The Unexpected Reason Why Zachary Quinto Needed Glue To Film Star Trek


As developed by Leonard Nimoy in the TV series “Star Trek” in the late 1960s, the traditional Vulcan hand sign to greet or say goodbye involves extending the hand with the palm bent away from the body and the ring and middle fingers spread apart are. In a 2009 Daily Mail article, Nimoy was quoted as saying that he based this integral element of his Spock character on a Jewish hand gesture meaning “God Almighty”. “I was taken to an orthodox synagogue by my grandfather when I was about five or six years old and saw the rabbi do it,” he added. “I remember being very impressed.”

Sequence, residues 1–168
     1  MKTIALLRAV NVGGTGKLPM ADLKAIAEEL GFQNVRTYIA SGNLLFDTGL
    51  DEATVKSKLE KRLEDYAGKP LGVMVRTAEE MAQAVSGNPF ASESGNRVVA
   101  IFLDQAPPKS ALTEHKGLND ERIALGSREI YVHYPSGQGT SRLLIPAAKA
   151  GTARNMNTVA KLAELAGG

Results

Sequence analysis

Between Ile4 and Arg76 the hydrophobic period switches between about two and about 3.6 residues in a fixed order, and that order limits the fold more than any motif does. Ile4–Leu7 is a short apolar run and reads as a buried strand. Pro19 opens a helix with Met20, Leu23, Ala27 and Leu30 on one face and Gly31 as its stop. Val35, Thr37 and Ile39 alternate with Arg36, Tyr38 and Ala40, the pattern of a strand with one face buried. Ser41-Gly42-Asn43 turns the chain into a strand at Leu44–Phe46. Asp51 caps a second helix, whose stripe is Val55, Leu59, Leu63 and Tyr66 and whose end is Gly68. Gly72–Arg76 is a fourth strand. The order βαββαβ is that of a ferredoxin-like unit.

Unfortunately, when it came time for Quinto to emulate the universally recognized salute on the set of the new Star Trek movie, he just couldn’t pull it off. “It’s a lot harder than it looks,” he admitted. As a result, the filmmakers used the less than special effect of using skin-friendly superglue to glue Quinto’s uncooperative digits together. While in every other respect Quinto rose to the challenge of portraying one of the most beloved characters of all time in order to beam himself into pop culture consciousness, he actually needed some glue-based help to pull off landing as Spock on “Star Trek.”

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